Oct. 12 (Bloomberg) -- Global markets are heading for an “important turning point” as interest rates begin to rise within about three months and the U.S. dollar gains, according to investor Marc Faber.
Investors should buy stocks and sell cash and bonds because governments are continuing to print too much money and may create a new “credit bubble,” Faber, publisher of the Gloom, Boom & Doom report, told reporters during a forum in Seoul today.
“Instead of interest rates going down, they could start to go up, instead of the dollar being weak, it could strengthen,” Faber said. “I’m ultra-bearish on everything, but I believe you’ll be better off owning shares than government bonds.”
The Dollar Index slid 8.5 percent last quarter, the most since June 2002, and dropped 1.3 percent this month after Federal Reserve Chairman Ben S. Bernanke signaled he may add money to the economy. That new supply is reflected in exchange rates, based on how the currency reacted to the last round of so-called quantitative easing, said HSBC Holdings Plc, BNP Paribas SA and Nordea Bank AB. The central banks of Israel and Taiwan raised borrowing costs in the last 15 days.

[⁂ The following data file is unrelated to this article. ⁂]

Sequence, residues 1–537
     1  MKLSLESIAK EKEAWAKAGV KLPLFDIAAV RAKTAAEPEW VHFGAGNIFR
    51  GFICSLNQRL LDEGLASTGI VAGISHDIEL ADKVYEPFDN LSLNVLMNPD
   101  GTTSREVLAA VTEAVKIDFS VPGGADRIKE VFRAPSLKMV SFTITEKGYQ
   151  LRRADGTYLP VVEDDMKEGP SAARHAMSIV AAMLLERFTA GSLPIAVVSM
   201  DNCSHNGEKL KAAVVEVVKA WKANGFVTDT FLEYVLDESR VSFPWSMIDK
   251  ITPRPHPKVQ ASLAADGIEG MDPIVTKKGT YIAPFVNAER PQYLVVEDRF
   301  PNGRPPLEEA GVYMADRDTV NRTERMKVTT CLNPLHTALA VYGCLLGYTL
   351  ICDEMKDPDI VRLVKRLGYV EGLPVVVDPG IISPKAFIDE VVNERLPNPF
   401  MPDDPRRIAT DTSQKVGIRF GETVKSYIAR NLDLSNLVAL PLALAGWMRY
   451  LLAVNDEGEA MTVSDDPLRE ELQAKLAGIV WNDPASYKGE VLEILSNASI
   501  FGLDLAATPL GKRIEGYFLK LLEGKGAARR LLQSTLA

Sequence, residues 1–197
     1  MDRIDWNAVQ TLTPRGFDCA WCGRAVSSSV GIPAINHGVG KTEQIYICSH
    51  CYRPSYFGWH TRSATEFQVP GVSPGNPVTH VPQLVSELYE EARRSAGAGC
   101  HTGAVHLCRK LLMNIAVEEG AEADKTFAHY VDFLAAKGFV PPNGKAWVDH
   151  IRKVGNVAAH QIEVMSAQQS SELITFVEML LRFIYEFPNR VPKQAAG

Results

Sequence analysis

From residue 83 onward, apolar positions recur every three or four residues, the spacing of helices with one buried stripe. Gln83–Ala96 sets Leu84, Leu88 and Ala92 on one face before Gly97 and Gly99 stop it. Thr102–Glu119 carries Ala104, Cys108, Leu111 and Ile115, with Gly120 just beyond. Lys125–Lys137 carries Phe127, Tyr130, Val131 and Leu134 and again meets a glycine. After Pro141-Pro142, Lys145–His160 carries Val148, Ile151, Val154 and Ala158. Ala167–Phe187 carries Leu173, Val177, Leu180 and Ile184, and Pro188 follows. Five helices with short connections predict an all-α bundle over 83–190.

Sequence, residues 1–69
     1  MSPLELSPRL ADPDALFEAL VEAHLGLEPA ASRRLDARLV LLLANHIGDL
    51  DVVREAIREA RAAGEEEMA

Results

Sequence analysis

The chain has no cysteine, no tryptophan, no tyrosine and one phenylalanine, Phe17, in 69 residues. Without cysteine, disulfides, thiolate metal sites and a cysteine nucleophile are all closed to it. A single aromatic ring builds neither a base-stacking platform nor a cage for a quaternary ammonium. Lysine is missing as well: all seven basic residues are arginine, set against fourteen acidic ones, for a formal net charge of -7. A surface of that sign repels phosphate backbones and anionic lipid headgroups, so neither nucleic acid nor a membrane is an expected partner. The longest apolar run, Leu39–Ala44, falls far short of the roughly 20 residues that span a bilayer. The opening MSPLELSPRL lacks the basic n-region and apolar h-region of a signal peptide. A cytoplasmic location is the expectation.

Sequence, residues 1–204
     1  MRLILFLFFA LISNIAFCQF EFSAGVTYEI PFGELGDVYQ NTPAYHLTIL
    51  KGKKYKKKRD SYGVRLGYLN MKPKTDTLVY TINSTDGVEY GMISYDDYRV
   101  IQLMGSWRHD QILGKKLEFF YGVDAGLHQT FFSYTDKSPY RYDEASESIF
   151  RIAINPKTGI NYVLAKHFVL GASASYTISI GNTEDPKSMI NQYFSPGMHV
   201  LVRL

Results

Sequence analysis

Faber’s recommendation on stocks is shared by Warren Buffett, the billionaire chairman of Omaha, Nebraska-based Berkshire Hathaway Inc. Investors buying bonds now “are making a mistake,” he said Oct. 5 at Fortune magazine’s Most Powerful Women conference in Washington.
“It’s quite clear that stocks are cheaper than bonds,” Buffett said. “I can’t imagine anyone having bonds in their portfolio when they can own equities.”
U.S. stock dividends are paying more than government bonds. Ten-year Treasuries yield 5.2 percentage points less than equities of companies in the Standard & Poor’s 500 Index when adjusted for annual inflation, near the most since March 2009.
Faber told investors to abandon U.S. stocks a week before 1987’s so-called Black Monday crash and said in August 2007 that U.S. shares were entering a bear market. The S&P 500 peaked two months later before retreating as much as 57 percent.
To contact the editor responsible for this story: Reinie Booysen at firstname.lastname@example.org